History: Death Be Not Proud
Svetlana Alexievich, Voices from Chernobyl: The Oral History of a Nuclear Disaster (trans. Keith Gessen) (Picador, 2006)
Sometimes, a single event can define an entire era, drawing on disparate strands of history to tie them together in a single unforgettable knot. For anyone who spent the 1980s in the Soviet Union, that event was surely the nuclear meltdown at Chernobyl on April 26, 1986, which seared the national memory with the cruelty of molten lava pouring over the earth.
I remember, for example, my father forbidding me from drinking the rain. A spring shower had burst from the surly Leningrad sky, and I saw nothing wrong with letting a few drops cool down my tongue while we waited for milk or sugar or whatever was in shortage that week. But he knew better, and although reports from Chernobyl were deliberately vague, my father had heard—on a cheap radio that managed to pick up an illegal BBC signal—that scientists in Sweden and other Northern European countries had detected radiation in their rainfall, suggesting that what had taken place at the nuclear power plant in the Belarussian countryside was far more than a mere malfunction.
Chernobyl “produced…more survivors than victims,” Keith Gessen notes in his introduction to Svetlana Alexievich’s Voice from Chernobyl, a collection of oral histories that is as much a statement on human frailty and endurance as the finest works of fiction in the canon. It is almost certainly the most harrowing account of a catastrophe that—along with the disastrous campaign in Afghanistan—revealed the Soviet system as corrupt and inefficient, unable to achieve its lofty goals or just simply protect its citizens in the face of harm that was tragically avoidable. Or, to quote from Gessen’s insightful introduction, Chernobyl was “the product of a culture of cronyism, laziness, and a deep-seated indifference towards the general population.”
If there is a Russian soul, it is certainly to be found in this book. And if there is not, Alexievich—through the accounts of soldiers, survivors, journalists, and the unlucky “liquidators” first charged with cleaning up the mess without being told of the nuclear hazard they would encounter—has produced one the strongest, strangest accounts of the Russian experience on record. Absent is the burdensome psychology of Dostoyevsky, the high spirituality of Tolstoy, the wistful humor of Chekhov; here is Russia painted in stark colors by citizens who knew her famous capacity to bear suffering most intimately. “We’ll never be Dutch or German,” one soldier announces, “And we’ll never have proper asphalt and manicured lawns. But there’ll always be plenty of heroes.”
Of course, the heroes of Chernobyl would pay a terrible price for their valor. As was the case in September 11th, those who first responded to the catastrophe would—in some terrible, inverted moral calculus that is practiced all too often—end up paying the highest price, unaware that they were venturing into territory where radioactivity was well above the lethal level. And yet, confronted with death, the victims of Chernobyl show a defiance that is almost more challenging than death itself. For example, there is this from the account of the wife of a firefighter who would eventually succumb to his injuries: “His central nervous system is completely compromised, his skull is completely compromised. Okay, I’m thinking, so he’ll be a little fidgety.”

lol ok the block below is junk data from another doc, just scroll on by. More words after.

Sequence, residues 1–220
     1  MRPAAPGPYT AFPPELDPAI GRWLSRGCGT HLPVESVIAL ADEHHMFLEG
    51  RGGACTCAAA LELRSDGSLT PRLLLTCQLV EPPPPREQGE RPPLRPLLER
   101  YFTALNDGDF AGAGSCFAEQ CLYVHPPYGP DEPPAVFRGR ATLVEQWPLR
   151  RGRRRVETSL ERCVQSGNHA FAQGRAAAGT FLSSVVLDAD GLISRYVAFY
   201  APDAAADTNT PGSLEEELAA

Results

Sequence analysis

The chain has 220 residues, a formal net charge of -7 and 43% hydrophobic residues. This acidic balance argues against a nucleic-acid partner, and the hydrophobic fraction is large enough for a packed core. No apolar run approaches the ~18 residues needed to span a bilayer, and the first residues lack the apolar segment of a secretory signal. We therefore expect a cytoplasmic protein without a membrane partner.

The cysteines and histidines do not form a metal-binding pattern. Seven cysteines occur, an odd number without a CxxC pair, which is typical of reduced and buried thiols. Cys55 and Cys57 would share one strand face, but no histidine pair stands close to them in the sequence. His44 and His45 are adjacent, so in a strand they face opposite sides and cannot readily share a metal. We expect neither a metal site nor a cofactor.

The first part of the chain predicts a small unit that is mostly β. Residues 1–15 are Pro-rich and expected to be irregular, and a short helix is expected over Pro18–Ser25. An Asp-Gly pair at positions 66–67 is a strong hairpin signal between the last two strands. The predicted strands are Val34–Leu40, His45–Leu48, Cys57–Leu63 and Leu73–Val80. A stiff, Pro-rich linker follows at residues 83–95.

From the harried evacuations to the ineffectual plans to stop the core fires and the return of those who had no where else to go, Alexievich chronicles the gamut of human emotions—feverish hope, unmitigated dread, the countless shades of gray in between—with the precision of a stenographer. Her equanimity is, I am fairly sure, exactly what this project required, since anything more would have injected an author’s vanity into the naked words of victims and survivors. “No one’s going to fool us anymore,” says a woman who chose to return to Chernobyl despite the obvious dangers, “we’re not moving anywhere. There’s no store, no hospital. No electricity. We sit next to a kerosene lamp and under the moonlight. And we like it! Because we are home.” The words are so forthright that any gloss on them, no matter how slight, would be an intrusion.
Despite the distance of two decades, it is impossible not to see comparisons to Hurricane Katrina. Both disasters afflicted the most chronically mistreated and under-appreciated citizens of their respective countries, one hobbled by the specters of slavery, segregation and racism, the other by the terrors and starvation inflicted by Stalin and Hitler, among other injustices. In neither case, shockingly, was the history of suffering enough to muster the necessary resources for a proper response.
The reality of Katrina manifested through photographs and video feeds—survivors clinging to debris and begging for help from rooftops, neglected and bloated corpses floating in filthy water. Chernobyl, by the necessity of its radioactivity, was prone to fewer images, which is one of the reasons that Voices from Chernobyl is such an important act of witness. The words here are as immediate and wounding as any can ever hope to be. “And now I live with this,” one soldier who had been ordered to fly dangerously low over the contaminated zone concludes. In a way, regardless of whether we grieve for New Orleans or Chernobyl, we all do.
Alex Nazaryan is a writer and teacher living in Brooklyn.